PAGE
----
Prosecutor says victims deserve ex-quarterback’s concussion funds

Multiple individuals defrauded in a scheme perpetrated by an ex-Indianapolis Colts quarterback and his accomplice should receive money from the former player’s share of a national concussion settlement, an Ohio prosecutor is arguing.

At issue is the case of former star player Art Schlichter, now serving a nearly 11-year sentence on federal fraud charges. Schlichter was with the Baltimore and Indianapolis Colts from 1982 to 1985, but missed the entire 1983 season due to an NFL-imposed gambling suspension.

Prosecutors say Schlichter promised college and NFL game tickets, including to the Super Bowl, but never delivered despite receiving thousands of dollars in payments.

One of Schlichter’s victims was retiree Anita Barney, the widow of a former Wendy’s CEO, who lost nearly her entire life savings to Schlichter. Yet Barney also defrauded multiple friends and acquaintances under Schlichter’s direction and ultimately pleaded guilty to two felony theft counts for her involvement in the scheme, narrowly avoiding prison time. She was ordered to pay $427,000 to 19 victims.

Schlichter has received nearly $700,000 from a national settlement with the NFL over concussions suffered by players, according to a federal court filing last week by Franklin County Prosecutor Ron O’Brien.

Of that, Barney is entitled to about $177,000 as one of Schlichter’s victims, the filing said. However, O’Brien says that money should go to Barney’s 19 victims.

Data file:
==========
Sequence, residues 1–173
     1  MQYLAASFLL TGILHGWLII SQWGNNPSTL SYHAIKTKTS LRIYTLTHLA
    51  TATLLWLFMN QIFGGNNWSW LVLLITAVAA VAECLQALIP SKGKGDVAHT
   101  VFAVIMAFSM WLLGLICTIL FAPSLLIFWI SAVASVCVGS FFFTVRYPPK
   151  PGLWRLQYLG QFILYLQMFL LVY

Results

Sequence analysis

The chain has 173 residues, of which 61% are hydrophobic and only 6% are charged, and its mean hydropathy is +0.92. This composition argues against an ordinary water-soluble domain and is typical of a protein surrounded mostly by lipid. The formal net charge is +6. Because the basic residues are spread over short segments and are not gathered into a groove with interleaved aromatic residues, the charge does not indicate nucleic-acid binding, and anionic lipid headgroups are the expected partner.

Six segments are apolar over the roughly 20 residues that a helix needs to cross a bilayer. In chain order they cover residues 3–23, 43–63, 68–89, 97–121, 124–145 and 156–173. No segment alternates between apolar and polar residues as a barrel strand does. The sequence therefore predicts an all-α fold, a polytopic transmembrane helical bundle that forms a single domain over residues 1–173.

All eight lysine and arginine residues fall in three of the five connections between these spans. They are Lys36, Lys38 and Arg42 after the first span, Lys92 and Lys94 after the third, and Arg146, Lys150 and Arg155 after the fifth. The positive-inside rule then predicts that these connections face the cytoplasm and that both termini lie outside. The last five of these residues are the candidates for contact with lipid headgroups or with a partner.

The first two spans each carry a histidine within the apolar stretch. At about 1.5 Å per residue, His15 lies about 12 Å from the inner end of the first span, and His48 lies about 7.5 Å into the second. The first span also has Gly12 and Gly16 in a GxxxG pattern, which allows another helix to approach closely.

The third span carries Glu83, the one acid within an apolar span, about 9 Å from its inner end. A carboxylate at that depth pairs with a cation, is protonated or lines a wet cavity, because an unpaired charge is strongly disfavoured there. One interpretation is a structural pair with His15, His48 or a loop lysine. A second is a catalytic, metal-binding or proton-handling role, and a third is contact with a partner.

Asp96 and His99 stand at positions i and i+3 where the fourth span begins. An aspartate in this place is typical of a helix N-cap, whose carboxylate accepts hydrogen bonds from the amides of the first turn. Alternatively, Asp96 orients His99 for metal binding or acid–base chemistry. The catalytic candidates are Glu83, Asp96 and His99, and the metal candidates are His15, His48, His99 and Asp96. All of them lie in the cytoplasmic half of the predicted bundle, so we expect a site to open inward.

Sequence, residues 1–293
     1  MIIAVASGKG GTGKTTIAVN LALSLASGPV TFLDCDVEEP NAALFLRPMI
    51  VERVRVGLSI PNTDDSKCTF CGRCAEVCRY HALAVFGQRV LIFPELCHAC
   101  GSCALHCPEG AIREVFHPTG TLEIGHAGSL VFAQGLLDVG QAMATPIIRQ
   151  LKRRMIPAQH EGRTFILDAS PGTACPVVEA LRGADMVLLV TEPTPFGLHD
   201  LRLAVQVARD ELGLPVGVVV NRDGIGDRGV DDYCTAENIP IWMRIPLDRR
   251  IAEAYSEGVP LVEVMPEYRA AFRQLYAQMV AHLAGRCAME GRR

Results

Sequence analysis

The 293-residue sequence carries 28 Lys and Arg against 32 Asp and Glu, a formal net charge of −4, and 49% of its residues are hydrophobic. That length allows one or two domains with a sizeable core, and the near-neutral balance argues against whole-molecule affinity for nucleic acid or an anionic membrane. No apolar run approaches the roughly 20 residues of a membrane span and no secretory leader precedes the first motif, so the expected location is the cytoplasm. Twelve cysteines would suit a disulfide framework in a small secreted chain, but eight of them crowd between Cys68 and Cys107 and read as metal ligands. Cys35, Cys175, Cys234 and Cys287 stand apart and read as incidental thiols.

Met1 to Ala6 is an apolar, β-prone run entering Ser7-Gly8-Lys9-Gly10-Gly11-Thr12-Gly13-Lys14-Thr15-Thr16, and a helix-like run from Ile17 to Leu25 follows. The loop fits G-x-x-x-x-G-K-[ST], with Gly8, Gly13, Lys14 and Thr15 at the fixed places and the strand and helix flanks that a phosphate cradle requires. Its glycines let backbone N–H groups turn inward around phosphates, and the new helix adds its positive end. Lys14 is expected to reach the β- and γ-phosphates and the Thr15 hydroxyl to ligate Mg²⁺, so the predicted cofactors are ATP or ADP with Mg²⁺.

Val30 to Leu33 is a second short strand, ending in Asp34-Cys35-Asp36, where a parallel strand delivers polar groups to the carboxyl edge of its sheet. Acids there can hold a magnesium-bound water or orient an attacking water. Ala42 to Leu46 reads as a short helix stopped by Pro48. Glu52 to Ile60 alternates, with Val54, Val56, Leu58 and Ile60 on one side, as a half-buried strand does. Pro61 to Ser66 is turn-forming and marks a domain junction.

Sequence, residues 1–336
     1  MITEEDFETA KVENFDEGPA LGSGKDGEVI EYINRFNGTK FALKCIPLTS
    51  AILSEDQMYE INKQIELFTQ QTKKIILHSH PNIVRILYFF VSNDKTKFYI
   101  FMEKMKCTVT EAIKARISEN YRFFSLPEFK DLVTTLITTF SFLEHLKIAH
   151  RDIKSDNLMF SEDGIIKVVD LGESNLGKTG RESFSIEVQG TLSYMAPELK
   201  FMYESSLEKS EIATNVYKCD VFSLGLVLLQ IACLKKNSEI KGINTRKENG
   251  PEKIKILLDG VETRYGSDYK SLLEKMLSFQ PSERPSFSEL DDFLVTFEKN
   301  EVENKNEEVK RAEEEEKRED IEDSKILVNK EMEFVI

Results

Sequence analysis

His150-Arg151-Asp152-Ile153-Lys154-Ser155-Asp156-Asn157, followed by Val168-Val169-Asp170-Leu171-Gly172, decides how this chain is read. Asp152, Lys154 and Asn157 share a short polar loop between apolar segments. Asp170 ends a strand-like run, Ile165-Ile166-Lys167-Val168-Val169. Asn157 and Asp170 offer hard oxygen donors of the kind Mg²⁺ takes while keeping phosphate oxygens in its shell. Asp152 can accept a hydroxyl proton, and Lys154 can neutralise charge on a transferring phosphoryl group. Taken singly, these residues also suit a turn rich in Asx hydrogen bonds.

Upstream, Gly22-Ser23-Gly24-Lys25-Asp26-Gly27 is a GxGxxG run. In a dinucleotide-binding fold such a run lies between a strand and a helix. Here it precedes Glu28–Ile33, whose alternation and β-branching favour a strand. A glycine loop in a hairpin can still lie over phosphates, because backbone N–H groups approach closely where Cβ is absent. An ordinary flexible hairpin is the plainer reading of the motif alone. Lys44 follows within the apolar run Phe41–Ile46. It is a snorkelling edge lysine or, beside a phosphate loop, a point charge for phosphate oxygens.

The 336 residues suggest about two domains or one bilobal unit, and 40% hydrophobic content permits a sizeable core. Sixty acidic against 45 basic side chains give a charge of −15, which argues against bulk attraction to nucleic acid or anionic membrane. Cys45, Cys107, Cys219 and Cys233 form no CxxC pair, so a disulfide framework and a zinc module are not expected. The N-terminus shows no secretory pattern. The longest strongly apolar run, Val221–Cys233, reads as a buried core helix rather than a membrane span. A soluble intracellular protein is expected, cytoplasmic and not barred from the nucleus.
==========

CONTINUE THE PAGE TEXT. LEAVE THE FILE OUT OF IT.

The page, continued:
O’Brien asked a judge on June 16 to order the money currently held by a federal clerk of courts be turned over to the state, which will allow the money to be distributed to the victims. That is the “only vehicle available to the State of Ohio and the victims of Ms. Barney to obtain justice,” O’Brien said.

A phone message and an email message were left with Barney’s attorney seeking comment.

Meanwhile, a defense attorney is again seeking early release for the 60-year-old Schlichter, this time because of dangers presented by the coronavirus to prison inmates.

“Though there is much to be learned about the virus, it is well known that those in the defendant’s age group are at a significantly higher death risk if infected,” defense attorney Stephen Palmer wrote in a March filing. “This is particularly true when there are pre-existing health conditions.”

Schlichter suffers from multiple health problems, including diabetes, hypertension and dementia, Palmer said.

O’Brien’s office opposes the move and notes that just three months ago, Schlichter was disciplined by prison authorities for gambling. Schlichter is currently housed in a federal prison in Florence, Colorado.

“Schlichter has not changed while imprisoned and to the extent he is released early he will be gambling and stealing sooner than the ten years agreed upon when he was sentenced,” O’Brien said in an April filing.

Schlichter played for Ohio State University between 1978 and 1981 before being drafted by the Colts. He also played for the Detroit and Cincinnati Arena League teams.

Before his most recent conviction, Schlichter spent 10 years in prison in Indiana for other gambling-related crimes.

Upon release in 2006, Schlichter wrote a book about his addiction, “Busted,” and became an anti-gambling crusader. But even as he railed against casinos during church appearances, he was racking up new gambling debts.

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